With over 1,000 games on the Nintendo Switch, it can be hard to figure out which ones are worth your time. While there are many more deserving games that didn’t make it onto this list, here are what we believe to be the ten best indie games currently on Switch.

The Binding of Isaac: Afterbirth +

10. The Binding of Isaac: Afterbirth +

The final product of multiple iterations on the original 2011 roguelike, The Binding of Isaac: Afterbirth + still takes an irrelevant spin on the dungeon format of the original The Legend of Zelda, but with a lot more content. Launching just 14 days after the Switch itself, the game’s repetitive roguelike structure fit perfectly with the system’s portable nature.

9. Enter the Gungeon

Inspired by none other than The Binding of Isaac itself, the twin-sticks roguelike Enter the Gungeon excels for many of the same reasons as the former. In our review, Kyle Rogacion writes, “Enter the Gungeon is a mishmash of ideas and over-the-top humor that creates deeply satisfying gameplay. While it doesn’t break new ground, it offers quick bursts of gameplay that are perfect for the Switch.”

8. Axiom Verge

Solely developed by Tom Happ, Axiom Verge capitalizes expertly on the “metroidvania” genre to create something that honors the old as much as it brings in the new. The eerily detailed sprite work and haunting music make it hard to believe that a single person created it all.

7. Owlboy

Each of Owlboy’s roughly ten hours fully reflects the ten years spent developing it. Supported by a “hi-pixel” art style, this game takes the traditional Zelda format and carrying it to the vertical space, replacing items with genuinely endearing characters, all set to an uplifting soundtrack with an equally uplifting story.

6. Night in the Woods

In our review, which gave a perfect score, Kyle Rogacion writes, “Night in the Woods is greater than the sum of its parts. The visuals, mini-games, and music create an engaging framework in which Mae and the rest of Possum Springs come to life. The cartoony aesthetic that the game adopts separates it from reality, while still appealing to the human experience.”

5. Stardew Valley

Just like Axiom Verge, Stardew Valley was made by one person, but the two could not be more different thematically. Evoking a similar feeling to the Harvest Moon series, the game mainly sees you go about daily life as a farmer, interacting with (and possibly romancing) the surrounding civilians. With a variety of mechanics and a wide choice of personal objectives to go for, the Switch is perfect for relaxing in Stardew Valley for a few minutes (or accidentally hours!) before bed.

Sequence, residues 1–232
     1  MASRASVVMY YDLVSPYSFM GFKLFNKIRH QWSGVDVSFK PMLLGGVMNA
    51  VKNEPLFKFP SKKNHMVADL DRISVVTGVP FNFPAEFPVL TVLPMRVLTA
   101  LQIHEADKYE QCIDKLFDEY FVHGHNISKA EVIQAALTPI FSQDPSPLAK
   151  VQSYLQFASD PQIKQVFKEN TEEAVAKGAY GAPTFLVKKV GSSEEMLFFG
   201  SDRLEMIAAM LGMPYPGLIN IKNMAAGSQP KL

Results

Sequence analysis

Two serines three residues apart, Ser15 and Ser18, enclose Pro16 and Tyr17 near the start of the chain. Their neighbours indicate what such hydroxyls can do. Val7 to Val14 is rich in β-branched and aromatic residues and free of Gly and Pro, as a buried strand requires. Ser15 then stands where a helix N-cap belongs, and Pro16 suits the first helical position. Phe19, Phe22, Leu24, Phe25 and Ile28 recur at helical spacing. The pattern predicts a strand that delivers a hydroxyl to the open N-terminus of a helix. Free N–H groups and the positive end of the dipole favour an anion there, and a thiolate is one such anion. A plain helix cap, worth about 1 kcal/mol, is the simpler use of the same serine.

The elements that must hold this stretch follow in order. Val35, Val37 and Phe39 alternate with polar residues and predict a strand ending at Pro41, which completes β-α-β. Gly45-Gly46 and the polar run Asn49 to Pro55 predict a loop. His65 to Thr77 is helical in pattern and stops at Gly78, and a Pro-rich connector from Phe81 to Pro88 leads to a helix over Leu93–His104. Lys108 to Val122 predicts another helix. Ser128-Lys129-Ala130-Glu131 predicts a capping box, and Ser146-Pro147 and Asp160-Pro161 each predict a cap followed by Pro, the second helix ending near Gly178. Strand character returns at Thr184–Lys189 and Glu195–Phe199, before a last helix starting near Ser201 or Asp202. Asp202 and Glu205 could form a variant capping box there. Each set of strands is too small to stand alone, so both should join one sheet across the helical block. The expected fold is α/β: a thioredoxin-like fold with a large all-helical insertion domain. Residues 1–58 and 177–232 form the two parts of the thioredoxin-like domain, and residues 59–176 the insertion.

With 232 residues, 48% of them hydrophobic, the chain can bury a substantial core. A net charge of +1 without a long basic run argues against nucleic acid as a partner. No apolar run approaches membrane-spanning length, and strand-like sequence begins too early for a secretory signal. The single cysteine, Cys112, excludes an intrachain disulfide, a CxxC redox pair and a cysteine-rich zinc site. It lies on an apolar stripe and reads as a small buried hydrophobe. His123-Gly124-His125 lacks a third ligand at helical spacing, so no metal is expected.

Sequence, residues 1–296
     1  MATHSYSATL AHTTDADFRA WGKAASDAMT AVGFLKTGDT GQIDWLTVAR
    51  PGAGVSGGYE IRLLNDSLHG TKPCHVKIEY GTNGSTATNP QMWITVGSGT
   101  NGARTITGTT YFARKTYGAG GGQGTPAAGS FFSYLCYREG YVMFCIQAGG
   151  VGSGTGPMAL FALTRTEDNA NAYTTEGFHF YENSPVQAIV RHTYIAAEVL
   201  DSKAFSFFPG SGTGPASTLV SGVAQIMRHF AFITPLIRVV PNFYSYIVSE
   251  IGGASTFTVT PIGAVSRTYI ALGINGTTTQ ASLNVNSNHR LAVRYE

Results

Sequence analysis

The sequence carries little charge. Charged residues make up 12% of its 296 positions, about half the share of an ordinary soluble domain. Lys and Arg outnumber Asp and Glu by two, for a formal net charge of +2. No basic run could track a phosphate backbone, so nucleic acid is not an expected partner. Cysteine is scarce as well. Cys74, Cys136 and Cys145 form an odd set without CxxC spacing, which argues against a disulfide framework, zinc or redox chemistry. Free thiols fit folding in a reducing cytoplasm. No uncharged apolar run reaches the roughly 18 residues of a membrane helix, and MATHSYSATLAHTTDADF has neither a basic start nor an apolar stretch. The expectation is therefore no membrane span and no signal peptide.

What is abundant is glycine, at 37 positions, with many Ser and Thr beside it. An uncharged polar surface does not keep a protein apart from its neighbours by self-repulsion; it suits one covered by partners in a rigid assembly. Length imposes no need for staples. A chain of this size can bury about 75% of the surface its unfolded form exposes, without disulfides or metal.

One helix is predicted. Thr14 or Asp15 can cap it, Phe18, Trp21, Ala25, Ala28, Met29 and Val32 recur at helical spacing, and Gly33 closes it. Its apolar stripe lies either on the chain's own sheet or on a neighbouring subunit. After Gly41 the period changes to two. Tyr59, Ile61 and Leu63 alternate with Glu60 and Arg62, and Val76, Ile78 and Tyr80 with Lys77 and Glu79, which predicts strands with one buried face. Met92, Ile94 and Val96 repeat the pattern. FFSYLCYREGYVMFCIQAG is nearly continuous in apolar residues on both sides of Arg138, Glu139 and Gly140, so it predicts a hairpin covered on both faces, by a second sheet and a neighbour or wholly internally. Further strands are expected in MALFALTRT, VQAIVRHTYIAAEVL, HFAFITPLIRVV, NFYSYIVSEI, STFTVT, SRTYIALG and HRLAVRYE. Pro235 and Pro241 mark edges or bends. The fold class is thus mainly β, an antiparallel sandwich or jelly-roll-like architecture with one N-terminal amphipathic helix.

4. SteamWorld Dig 2

A cross between the open spelunking of Terraria and the structured design of the metroidvania genre, SteamWorld Dig 2 builds something even better than the original. By creating a satisfying system of progression, you always feel like you’re working towards something.

3. Hollow Knight

Finally getting the recognition it deserves on Switch, Hollow Knight also takes advantage of the metroidvania genre, but takes it to completely new heights. With a haunting yet beautiful soundtrack and world to get lost in, Hollow Knight delivers one of the best metroidvanias in recent years, rivaling the Metroids and Castlevanias that inspired it.

2. Shovel Knight: Treasure Trove

Originally released in 2014 and ported to the Switch at launch, Shovel Knight was met with instant praise and recognition as one of the best 2D platformers in recent history, that not only payed homage to the greats but evolved into something that was entirely its own. Cliqist’s Martin Toney writes, “Shovel Knight is a fantastically well put together adventure that will test a player’s skill, tenacity and ability to triumph over genuinely challenging level design that doesn’t rely on cheap tricks to generate an artificial level of difficulty.”

1. Celeste

While the top three in particular are almost interchangeable in terms of quality, Celeste just barely climbs its way to the top. Celeste not only has a strong series of platforming challenges with accessibility options for those having trouble and additional challenges for those craving more, but it also tells a very modern story dealing with anxiety, all set to an enchanting soundtrack. Cliqist’s Keenan McCall writes, “Full of heartfelt characters and segments that bleed artistic originality, the game has set a high bar for upcoming releases.”

This was a hard list to put together, so feel free to discuss what games you believe do or don’t deserve a spot!

About the Author

Joseph Stanichar

Ever since he won a Nintendo GameCube and a copy of Spider-man 2 in a school raffle when he was seven years old, Joseph Stanichar has loved video games. He enjoys playing PlayStation and PC games, both AAA and indie, but his heart will always belong to all things Nintendo. When not writing, you can probably find him acting in a play, geeking out over Steven Universe and Doctor Who, or, you know, playing video games. His favorite series is The Legend of Zelda. He is attending Ohio University with a major in journalism, and will graduate in 2022. (If he doesn't screw it up, that is.)

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